Washington beaches still awash with ugly tsunami debris
Pacific Beach State Park, WA – Tsunami debris, the aftermath of a devastating earthquake that shook Japan over two years ago, continues to wash onto Washington beaches. More than 200,000 buildings were washed out to sea by the enormous waves that followed the magnitude 9.0 earthquake on March 11, 2011. Cars, boats, lumber, plastic buoys and even whole houses have made their way to Washington beaches ever since.
Longtime beachcomber Daryle Rico is trying to take it all in stride. “I can deal with the cars and body parts I find along the shore,” says Rico. “To me, the biggest eyesore is that ugly Costa Rican I see strolling on the beach.”
Scientists state that once the debris field reaches the U.S. West coast, it will turn clock-wise toward Hawaii and back again toward Asia, circulating in what is known as the North Pacific Gyre. The gyre is the largest ecosystem on Earth and is the site of an unusually large collection of man-made debris, and is known as the Great Pacific Garbage Patch.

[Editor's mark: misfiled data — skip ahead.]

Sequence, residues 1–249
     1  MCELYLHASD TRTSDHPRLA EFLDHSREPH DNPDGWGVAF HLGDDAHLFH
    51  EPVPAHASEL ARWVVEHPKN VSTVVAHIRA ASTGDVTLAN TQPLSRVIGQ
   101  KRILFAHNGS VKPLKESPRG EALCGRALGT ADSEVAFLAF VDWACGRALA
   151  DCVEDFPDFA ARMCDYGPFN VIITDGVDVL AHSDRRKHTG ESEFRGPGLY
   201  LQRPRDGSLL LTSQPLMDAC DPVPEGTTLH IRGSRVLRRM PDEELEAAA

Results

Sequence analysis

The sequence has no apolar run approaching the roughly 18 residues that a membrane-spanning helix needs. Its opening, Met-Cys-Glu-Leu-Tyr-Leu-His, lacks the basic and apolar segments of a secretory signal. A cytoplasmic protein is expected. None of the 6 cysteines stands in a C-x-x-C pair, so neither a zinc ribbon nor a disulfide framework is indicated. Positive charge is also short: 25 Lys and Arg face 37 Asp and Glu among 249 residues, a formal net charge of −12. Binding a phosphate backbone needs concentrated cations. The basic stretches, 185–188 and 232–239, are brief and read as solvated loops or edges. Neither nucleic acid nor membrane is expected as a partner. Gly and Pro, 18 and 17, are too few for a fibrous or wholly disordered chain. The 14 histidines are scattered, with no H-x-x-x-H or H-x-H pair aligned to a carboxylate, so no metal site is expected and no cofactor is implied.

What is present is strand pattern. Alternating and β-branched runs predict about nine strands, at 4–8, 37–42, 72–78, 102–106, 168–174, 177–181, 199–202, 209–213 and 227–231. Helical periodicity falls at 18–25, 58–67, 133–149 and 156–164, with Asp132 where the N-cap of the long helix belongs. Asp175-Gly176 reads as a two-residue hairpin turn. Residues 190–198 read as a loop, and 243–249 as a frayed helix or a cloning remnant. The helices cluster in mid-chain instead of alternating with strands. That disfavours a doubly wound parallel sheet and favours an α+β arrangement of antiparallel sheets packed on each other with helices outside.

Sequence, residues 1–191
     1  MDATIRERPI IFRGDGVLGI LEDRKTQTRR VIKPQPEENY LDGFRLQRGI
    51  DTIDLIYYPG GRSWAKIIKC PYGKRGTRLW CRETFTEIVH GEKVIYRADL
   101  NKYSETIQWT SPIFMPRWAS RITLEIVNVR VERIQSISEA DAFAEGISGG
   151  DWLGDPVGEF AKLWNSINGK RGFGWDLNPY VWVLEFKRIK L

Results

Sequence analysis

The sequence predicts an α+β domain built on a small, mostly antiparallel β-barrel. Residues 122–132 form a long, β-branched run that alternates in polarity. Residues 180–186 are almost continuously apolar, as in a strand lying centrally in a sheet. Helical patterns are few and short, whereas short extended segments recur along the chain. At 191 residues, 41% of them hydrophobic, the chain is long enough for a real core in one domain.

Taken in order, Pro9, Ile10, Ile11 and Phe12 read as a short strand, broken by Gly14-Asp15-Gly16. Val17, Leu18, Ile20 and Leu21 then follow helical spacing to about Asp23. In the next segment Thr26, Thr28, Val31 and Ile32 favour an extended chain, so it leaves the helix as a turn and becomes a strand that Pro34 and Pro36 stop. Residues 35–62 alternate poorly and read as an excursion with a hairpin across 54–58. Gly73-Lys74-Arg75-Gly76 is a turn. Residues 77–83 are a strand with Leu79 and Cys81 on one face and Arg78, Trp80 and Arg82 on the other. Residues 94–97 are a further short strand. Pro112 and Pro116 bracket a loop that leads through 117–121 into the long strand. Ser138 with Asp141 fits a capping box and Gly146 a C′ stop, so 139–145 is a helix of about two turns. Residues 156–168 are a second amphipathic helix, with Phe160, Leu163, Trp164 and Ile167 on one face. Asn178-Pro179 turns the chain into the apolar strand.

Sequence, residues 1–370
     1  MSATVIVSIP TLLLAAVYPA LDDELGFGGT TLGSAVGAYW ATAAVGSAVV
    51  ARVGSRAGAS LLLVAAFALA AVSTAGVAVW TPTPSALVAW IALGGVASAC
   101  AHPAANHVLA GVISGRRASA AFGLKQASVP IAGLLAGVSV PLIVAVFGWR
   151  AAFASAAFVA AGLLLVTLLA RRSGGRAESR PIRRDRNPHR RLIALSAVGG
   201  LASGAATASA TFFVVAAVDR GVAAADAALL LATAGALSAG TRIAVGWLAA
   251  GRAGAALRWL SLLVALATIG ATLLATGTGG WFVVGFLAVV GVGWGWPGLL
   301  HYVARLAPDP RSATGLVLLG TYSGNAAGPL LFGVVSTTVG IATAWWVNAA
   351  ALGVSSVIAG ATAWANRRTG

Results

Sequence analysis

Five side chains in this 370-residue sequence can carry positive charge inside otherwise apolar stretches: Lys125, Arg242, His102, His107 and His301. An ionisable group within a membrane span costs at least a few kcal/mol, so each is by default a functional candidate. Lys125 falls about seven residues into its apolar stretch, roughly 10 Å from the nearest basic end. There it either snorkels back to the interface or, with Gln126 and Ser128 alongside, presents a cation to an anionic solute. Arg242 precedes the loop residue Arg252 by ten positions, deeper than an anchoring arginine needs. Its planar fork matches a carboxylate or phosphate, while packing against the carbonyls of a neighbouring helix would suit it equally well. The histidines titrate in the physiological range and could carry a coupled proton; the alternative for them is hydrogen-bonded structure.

Thousands of Washingtonians have volunteered their time to clear the beach of most of the garbage that has sailed across the Pacific, but scientists predict more debris is in store.
According to a spokesperson from the Washington CoastSavers, “We can handle most of the trash that is arriving from Japan, but there is not much we can do about those smarmy Costa Ricans.”